Divorce ends a marriage. Legal separation involves the same procedures as divorce, but the separated spouses can’t marry others. Legal separation is an alternative for people who wish to avoid divorce for religious or other reasons. The court grants a legal separation on the ground that the marriage relationship is broken.
Like a divorce, a legal separation requires property division and determination of child custody and placement. The court may order maintenance and child support payments. (More on these topics later in this pamphlet.)
After one year, either spouse can seek to have a legal separation converted into a divorce without the other spouse’s consent. Spouses who reconcile after a legal separation may apply to have the separation revoked.
An annulment dissolves a marriage that was invalid from the beginning. For instance, one spouse may have been too young, unable to have sexual intercourse, incapable of consenting to the marriage, or induced to marry by fraud or force.
Divorce usually begins with the filing of a petition for divorce and a summons. The petition for divorce gives the factual history of the marriage and states the desired outcome of the divorce. The summons states that a response must be filed within 20 days.
Sometimes the court finds it necessary to issue temporary orders, which are orders laying out the ground rules that each spouse must follow until the final divorce hearing. If temporary orders are necessary, two additional documents must be filed. The affidavit for temporary relief requests temporary arrangements for child custody, placement, or support, as well as any other needed provisions. The order to show cause contains the time and date of the hearing before the family court commissioner, who establishes the temporary orders.
After one spouse files the petition and summons with the clerk of court, these documents are served upon the family court commissioner and the other spouse. The person asking for a divorce is called the petitioner, and the other spouse is the respondent. Both spouses are parties to the divorce action.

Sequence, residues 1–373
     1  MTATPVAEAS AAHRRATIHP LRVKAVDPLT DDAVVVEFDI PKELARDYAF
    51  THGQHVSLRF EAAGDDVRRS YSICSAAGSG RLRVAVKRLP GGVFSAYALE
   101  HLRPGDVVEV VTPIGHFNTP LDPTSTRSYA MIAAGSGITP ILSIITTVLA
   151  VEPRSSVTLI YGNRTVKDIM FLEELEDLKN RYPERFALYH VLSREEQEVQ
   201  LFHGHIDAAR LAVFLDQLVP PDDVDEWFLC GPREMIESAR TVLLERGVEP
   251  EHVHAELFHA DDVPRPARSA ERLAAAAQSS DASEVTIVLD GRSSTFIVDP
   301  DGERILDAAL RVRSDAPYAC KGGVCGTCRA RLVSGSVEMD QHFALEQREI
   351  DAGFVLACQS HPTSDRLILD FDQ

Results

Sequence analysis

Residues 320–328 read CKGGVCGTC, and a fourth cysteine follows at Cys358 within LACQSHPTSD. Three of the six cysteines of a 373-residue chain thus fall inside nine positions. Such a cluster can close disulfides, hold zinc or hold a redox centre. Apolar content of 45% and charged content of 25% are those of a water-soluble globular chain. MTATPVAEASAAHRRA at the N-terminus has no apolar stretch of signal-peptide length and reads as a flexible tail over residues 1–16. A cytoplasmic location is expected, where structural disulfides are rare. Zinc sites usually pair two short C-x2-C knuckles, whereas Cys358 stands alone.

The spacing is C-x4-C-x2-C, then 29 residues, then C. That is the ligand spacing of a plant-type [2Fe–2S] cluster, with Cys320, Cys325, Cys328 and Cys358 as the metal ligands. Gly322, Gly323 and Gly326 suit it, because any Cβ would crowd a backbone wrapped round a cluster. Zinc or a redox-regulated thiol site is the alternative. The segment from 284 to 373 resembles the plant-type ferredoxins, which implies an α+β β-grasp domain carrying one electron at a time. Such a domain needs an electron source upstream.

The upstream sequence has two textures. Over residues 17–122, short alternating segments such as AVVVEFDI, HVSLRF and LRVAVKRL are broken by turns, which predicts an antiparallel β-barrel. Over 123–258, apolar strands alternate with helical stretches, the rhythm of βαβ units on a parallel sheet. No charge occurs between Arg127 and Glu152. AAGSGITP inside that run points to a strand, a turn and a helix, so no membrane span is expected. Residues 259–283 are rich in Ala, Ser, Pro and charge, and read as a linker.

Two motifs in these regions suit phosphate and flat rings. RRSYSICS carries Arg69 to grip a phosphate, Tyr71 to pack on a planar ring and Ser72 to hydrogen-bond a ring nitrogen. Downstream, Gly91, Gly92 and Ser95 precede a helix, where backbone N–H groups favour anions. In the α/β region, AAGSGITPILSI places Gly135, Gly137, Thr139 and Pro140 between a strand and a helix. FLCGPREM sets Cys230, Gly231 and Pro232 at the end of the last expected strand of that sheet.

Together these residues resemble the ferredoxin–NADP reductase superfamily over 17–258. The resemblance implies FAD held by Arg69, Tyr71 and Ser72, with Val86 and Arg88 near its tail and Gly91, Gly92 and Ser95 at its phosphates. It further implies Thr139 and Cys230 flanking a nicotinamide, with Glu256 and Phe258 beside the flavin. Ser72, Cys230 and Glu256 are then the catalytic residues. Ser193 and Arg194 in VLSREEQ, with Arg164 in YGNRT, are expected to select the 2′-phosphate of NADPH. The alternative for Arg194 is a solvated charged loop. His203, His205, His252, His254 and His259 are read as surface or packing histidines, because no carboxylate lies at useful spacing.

Yes, but you have to show the court that you made reasonable efforts to locate your spouse. You also must publish a notice in a local newspaper in an attempt to inform your spouse that you have started a divorce.
If it is at all possible to find an address, you must attempt to have notice of the divorce action served upon your spouse. The court has no power to order child support or maintenance unless your spouse has been personally served with notice.
Unless the court makes an exception for an emergency, at least four months (120 days) must pass between the serving of the initial papers and the final hearing. Most divorces take longer than four months. Several factors affect the length of the process: the complexity of the case, the ability of the spouses to agree on the issues, and the amount of other business before the trial court.
Yes. Every divorce includes an order that neither spouse can harass, intimidate, physically abuse, or impose restraints on the personal liberty of the other spouse or minor children (under age 18) of either spouse. In addition, neither spouse can encumber, conceal, destroy, damage, transfer, or otherwise dispose of property owned by either or both of the spouses, without the other spouse’s consent or a prior order of the court or family court commissioner. There are exceptions for actions taken in the usual course of business, in order to buy necessities, or to pay reasonable divorce expenses, including attorney fees.
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